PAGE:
It figures that August 1 landed on a Sunday this year. What used to be just another beach day took on special significance a few years ago, when Common Application chose August 1 to launch its updates for the coming school year. It’s exciting to be sure, but with a hint of melancholy, as a few overly enthusiastic parents use the occasion to tell their high school seniors “Summer’s over”, while the seniors meekly head towards the nearest computer, even on a weekend, muttering “But what if I don’t want it to be?”
Happily, more than a few colleges agree with the seniors. While there was a stream—OK, a torrent—of colleges Twittering students on Sunday to hurry up and apply, more than a few colleges said “Start today if you want to, but our deadline isn’t until January. Take your time.” I had planned on thanking each of those colleges for posting such a message in the face of application mania. I’m pleased to say there were too many to do so.
But this is just the start, and here’s hoping more colleges get on board. The last two years of schooling have left this year’s seniors in pretty bad shape. Day after day of waking up to find out if school is in person, online, both, or neither may have left them flexible, but it has also left them exhausted. Students who fit every element of one (and certainly not the only) likely college-bound profile—from the suburbs, in a college prep curriculum, with two well-off parents who went to college—are saying out loud they just don’t think applying to college is worth the hassle. That’s not because of the Delta rebound; it’s because their last couple of years of school have left them unsure of themselves and their ability to control their destiny. Since any college admissions rep will tell you the key to a successful application is to let the student drive the bus, this is a huge problem.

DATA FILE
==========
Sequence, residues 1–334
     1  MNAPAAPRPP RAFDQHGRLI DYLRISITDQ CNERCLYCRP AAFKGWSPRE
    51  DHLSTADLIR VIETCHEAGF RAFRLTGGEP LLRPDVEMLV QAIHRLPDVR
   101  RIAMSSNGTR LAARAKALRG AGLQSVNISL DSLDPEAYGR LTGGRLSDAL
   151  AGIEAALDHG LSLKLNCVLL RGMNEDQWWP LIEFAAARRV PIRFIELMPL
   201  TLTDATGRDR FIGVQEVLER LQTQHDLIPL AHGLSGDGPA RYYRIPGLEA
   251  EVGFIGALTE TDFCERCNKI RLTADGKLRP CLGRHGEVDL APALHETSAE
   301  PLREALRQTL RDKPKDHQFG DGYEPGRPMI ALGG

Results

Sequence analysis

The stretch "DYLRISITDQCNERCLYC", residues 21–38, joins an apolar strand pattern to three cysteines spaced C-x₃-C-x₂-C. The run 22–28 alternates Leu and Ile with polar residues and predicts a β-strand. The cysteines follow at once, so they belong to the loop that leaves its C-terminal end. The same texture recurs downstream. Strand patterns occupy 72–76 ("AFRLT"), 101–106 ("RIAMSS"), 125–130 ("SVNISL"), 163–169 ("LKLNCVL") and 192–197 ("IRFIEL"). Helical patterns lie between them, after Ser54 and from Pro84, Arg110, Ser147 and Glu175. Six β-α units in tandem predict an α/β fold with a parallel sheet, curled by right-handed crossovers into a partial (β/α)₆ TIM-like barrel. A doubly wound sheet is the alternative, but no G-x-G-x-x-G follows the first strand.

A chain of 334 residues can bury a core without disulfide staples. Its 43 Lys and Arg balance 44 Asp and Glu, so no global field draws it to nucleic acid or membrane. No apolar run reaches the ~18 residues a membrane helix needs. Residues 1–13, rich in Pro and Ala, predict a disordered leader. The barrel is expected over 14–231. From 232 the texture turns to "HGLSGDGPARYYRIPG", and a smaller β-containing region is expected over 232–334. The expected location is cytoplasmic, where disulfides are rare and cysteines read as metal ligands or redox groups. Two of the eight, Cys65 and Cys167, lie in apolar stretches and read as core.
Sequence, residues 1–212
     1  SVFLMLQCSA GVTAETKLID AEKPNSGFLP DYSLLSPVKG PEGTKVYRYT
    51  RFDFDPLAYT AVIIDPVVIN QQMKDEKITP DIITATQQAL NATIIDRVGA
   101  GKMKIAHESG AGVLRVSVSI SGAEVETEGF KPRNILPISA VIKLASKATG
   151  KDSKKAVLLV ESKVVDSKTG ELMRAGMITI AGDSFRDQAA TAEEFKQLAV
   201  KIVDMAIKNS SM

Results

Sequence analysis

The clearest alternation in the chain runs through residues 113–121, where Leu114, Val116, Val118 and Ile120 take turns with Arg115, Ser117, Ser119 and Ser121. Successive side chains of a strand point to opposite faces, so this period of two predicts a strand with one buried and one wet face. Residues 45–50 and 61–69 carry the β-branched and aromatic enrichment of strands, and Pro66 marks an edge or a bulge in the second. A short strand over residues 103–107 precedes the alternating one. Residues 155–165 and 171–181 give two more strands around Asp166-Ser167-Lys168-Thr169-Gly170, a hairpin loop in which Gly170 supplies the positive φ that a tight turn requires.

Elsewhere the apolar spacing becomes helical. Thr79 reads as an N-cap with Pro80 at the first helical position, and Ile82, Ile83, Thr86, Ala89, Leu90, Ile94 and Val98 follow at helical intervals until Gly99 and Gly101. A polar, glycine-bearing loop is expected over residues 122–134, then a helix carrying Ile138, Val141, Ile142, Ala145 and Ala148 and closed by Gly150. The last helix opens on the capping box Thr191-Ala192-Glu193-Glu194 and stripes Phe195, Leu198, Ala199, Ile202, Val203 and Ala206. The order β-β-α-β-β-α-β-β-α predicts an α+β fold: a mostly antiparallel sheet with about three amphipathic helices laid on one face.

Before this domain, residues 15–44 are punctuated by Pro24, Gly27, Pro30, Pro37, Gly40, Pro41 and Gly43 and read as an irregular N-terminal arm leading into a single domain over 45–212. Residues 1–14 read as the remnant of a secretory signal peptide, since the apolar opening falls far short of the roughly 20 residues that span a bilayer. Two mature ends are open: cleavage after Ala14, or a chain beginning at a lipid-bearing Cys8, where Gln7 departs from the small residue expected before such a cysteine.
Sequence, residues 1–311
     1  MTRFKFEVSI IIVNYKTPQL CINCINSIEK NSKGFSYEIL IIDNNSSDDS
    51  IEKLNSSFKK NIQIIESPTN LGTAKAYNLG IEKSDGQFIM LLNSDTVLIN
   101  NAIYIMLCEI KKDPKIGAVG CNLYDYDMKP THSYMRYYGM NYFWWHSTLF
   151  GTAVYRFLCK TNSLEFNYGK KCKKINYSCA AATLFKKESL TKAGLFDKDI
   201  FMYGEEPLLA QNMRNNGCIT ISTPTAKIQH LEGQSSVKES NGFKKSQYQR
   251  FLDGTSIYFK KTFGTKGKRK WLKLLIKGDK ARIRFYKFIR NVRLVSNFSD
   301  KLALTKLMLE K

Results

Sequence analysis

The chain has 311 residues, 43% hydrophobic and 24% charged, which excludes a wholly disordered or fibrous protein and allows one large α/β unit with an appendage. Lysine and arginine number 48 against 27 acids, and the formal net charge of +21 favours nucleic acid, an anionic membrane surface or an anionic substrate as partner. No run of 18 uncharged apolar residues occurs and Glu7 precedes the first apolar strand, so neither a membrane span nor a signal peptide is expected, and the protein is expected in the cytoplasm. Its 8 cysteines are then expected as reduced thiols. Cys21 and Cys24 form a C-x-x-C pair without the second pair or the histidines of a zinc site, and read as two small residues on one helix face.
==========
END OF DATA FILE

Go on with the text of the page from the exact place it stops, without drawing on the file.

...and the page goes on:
Part of the solution lies with us. August is peach and melon season in Michigan, a time when very rational people who never eat fruit feel a swelling in their taste buds that can only be satiated by interaction with produce that is truly a little slice of heaven.
This same thirst wells up in the media every August, but it isn’t for fruit—it’s for stories about the confusing, terrifying, uncertain world of college admissions. With a new crop of high school seniors every year, journalists eagerly seize on their newness to college admissions, highlighting profiles of bright young people who find themselves flummoxed over how to apply to college, and when to apply to college. Curiously, these stories rarely display a student’s confusion over where to apply to college, since the media only covers students who are considering the same 25 colleges ever year that admit about 5 percent of their applicant pool. “She’s a National Honor Society president, but she can’t get her arms around Yale’s application.” Of course, these same students would be equally baffled by using a plumber’s wrench for the first time, and they easily get the hang of this college thing two weeks into the process. But apparently, that’s not the point. The very first time they do something new, they don’t completely understand it. My goodness.